He began his talk to the Urban League by charging that income inequality was an issue 100 years ago, 50 years ago and “today we’re still trying to fight income inequality.”

The next mayor needs to focus on coordinating the county’s organizations and businesses to address the problem, he said. Government, he continued, has inherent slowness and inefficiency, while the private sector and nonprofits have inherent urgencies.

“When there are issues or problems, I’ve had the ability to bring the community together to solve them,” Clarke said. “And you need to know where the government stops and where the community begins.”

For Clarke, that includes job creation. He noted that in his District 3 in south Orange County, the economy is made up of small businesses — particularly Hispanic-owned and run businesses. Many struggle and need a clearer path, he said.

“What I mean to do is to create an environment, to continue an environment, that really does allow people to create jobs,” Clarke said.

Mike La Rosa calls gun bill vote ‘political stunt,’ and bill a ‘gun grab’

While saying he was impressed by the passion and delivery of the Marjory Stoneman Douglas High School students who came to Tallahassee to ask for gun legislation, Republican state Rep. Mike La Rosa on Friday denounced the procedural vote taken in front of them as “a political stunt” and the bill itself “a gun grab” attempt.

“The vote that would have banned AR-15 type weapons that many media outlets have been reporting about was not only a political stunt but was in fact a gun grab that threatened our rights under the Second Amendment,” La Rosa, a St. Cloud Republican, said in a release issued by his office Friday.

La Rosa said Second Amendment rights assuring gun ownership are not just for the right of individual self-defense, but “in fact acts as a barrier to a tyrannical government.”

“House Bill 219 would have also banned hundreds of other weapons that are clearly listed if anyone spent time reading the proposed legislation,” La Rosa continued. “I think it a shame that gun control advocates have attempted to highjack the current situation for their own personal political agenda that they are attempting to energize from this recent event.”

HB 219 was introduced last fall by Orlando Democratic state Rep. Carlos Guillermo Smith, who has made gun law reform, including the banning of semi-automatic weapons and high-capacity ammunition magazines, a political priority since the June 2016 massacre at the Pulse nightclub. Smith introduced a similar bill in the last Session, as did state Sen. Linda Stewart, an Orlando Democrat, in the house.

The vote that La Rosa called a political stunt took place Tuesday on the House floor, as Democrats sought to force the bill into debate. It came while Douglas High students, who had survived last week’s mass shooting in Parkland and come to Tallahassee to push for gun control, watched from the gallery. The image of students watching in sad disbelief ran nationally in media, as did reports that the Florida House voted down a gun bill in front of them, along strict party lines.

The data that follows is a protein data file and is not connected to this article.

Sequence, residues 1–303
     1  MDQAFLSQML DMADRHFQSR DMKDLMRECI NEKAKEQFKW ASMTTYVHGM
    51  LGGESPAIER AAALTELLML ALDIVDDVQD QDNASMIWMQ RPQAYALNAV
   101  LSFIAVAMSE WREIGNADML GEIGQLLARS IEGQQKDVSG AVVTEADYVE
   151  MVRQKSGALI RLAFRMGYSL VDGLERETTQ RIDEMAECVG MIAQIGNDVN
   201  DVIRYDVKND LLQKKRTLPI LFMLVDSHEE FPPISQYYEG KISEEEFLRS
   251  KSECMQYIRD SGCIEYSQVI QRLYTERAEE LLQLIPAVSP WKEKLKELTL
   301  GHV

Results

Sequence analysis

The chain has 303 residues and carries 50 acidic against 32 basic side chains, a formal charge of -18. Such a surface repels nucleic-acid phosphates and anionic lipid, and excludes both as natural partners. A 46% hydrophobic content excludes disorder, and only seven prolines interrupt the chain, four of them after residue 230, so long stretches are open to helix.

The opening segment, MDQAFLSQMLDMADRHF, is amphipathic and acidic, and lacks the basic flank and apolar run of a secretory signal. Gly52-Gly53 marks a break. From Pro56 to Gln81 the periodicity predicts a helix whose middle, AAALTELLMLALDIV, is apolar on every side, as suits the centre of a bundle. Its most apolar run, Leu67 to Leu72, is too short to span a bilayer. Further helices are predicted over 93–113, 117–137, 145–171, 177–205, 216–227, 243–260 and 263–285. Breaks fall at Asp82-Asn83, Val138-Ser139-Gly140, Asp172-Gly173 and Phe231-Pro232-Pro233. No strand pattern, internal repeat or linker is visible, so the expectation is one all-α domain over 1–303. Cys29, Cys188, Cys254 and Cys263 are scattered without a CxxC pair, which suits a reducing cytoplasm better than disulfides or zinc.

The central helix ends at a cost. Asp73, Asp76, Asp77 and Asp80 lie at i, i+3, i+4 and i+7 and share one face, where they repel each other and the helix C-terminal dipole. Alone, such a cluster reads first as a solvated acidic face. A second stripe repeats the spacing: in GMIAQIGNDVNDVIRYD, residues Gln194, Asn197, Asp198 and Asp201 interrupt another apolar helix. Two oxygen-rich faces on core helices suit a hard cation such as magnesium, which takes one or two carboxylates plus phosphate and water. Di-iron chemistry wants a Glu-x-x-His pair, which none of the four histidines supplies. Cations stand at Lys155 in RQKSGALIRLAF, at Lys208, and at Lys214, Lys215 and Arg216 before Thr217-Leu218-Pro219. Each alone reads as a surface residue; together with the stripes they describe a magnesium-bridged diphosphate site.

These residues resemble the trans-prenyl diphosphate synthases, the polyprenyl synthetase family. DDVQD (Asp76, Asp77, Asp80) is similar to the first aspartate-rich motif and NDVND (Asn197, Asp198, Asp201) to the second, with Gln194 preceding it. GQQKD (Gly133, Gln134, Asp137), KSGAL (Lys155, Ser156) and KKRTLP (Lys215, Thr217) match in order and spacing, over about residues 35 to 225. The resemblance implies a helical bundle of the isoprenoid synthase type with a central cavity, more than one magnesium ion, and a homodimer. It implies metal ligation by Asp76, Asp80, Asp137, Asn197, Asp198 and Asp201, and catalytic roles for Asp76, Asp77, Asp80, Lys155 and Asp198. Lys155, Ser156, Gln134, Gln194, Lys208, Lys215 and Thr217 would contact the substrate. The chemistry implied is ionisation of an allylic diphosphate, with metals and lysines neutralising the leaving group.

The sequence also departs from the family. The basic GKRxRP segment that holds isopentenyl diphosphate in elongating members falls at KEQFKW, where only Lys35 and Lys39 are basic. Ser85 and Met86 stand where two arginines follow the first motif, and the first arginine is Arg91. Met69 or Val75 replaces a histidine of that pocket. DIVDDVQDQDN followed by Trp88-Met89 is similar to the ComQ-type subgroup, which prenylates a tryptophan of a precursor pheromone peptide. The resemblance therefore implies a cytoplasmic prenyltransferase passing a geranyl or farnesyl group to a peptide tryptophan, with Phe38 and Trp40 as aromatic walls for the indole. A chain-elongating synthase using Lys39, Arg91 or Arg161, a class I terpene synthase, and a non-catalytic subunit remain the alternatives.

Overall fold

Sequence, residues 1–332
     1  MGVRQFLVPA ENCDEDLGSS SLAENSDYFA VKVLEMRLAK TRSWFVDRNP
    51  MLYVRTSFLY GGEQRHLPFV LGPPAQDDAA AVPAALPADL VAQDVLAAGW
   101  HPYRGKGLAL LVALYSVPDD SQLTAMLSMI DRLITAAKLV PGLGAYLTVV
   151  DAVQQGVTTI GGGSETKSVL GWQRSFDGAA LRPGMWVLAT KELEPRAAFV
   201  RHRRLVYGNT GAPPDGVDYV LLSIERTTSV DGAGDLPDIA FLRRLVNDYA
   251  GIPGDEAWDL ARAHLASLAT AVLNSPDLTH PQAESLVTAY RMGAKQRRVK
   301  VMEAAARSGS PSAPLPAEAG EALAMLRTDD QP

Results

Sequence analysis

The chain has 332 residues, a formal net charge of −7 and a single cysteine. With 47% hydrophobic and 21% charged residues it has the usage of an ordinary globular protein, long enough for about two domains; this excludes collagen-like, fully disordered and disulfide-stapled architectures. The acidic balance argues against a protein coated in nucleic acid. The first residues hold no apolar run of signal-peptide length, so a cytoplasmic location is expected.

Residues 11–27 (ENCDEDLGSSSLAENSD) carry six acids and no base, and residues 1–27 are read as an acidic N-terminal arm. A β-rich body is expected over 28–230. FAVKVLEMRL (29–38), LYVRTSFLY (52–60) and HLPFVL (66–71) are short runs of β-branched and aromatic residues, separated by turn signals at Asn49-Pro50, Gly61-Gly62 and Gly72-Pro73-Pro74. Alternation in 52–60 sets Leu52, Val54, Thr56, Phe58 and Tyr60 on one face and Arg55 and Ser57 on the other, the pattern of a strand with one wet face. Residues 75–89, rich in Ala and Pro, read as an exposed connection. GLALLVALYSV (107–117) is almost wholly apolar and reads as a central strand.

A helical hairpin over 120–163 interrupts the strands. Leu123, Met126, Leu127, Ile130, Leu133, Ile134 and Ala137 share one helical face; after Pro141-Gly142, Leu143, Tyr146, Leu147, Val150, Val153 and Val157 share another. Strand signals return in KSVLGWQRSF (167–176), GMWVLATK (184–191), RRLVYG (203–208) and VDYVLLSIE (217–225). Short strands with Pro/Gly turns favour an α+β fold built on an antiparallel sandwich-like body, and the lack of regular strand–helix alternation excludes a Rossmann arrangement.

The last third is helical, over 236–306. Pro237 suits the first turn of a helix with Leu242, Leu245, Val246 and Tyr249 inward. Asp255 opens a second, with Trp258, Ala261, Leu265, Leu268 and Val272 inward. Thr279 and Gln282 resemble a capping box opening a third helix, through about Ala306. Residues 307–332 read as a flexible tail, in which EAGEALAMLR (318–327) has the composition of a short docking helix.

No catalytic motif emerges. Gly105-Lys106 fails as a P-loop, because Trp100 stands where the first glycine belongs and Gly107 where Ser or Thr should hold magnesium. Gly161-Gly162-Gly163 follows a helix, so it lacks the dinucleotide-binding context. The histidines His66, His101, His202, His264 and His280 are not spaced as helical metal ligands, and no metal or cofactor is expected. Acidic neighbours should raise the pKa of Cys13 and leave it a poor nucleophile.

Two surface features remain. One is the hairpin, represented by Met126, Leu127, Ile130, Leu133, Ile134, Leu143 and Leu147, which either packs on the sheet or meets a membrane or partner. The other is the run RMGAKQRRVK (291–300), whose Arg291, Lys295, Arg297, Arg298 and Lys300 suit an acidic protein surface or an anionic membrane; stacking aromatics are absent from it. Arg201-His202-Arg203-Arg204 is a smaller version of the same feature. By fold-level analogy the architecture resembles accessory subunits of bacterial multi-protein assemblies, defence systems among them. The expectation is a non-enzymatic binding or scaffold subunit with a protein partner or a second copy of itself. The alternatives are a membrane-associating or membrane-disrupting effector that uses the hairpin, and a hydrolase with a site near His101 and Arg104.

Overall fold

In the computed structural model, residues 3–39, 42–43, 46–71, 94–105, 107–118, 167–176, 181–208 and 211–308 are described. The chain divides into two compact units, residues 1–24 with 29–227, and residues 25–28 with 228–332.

La Rosa’s statement Friday charged that the vote, the bill, the situation, and what the Florida Legislature should do all have been misconstrued. He said the Legislature needs to avoid taking a “kneejerk reaction” and pursue a comprehensive solution.

“Over the past several days in Tallahassee we have met hundreds, if not thousands, of students and advocates who have been impacted by the horrific events that occurred in Parkland last week. I couldn’t be more impressed by the passion and delivery of many of these young adults, it is hard not to be moved by them. The state of Florida has the attention of the entire country and the time to act is now,” La Rosa wrote.

But that action, he said, needs to be comprehensive, addressing mental health services, keeping “weapons out of the hands of those who shouldn’t have them,” hardening security at schools, and investigating failures in justice and social systems that appeared to ignore warnings that Nikolas Cruz, the charged gunman, was dangerous.

But as the Legislature considers a comprehensive plan, La Rosa said it must be “protecting the firearm ownership rights given to law abiding citizens under the Second Amendment.”

“It is important to remember that the Second Amendment not only affords each firearm owner the right of self-defense, but in fact acts as a barrier to tyrannical government.”

His Democratic opponent in 2018 for the HD 42 contest in Osceola County, Barbara Cady of Kissimmee, said this will be a pivotal issue in this year’s campaigns and she predicted it also will be in the November election. She charged that La Rosa did not hear what the students were saying, but she asserted that they heard him.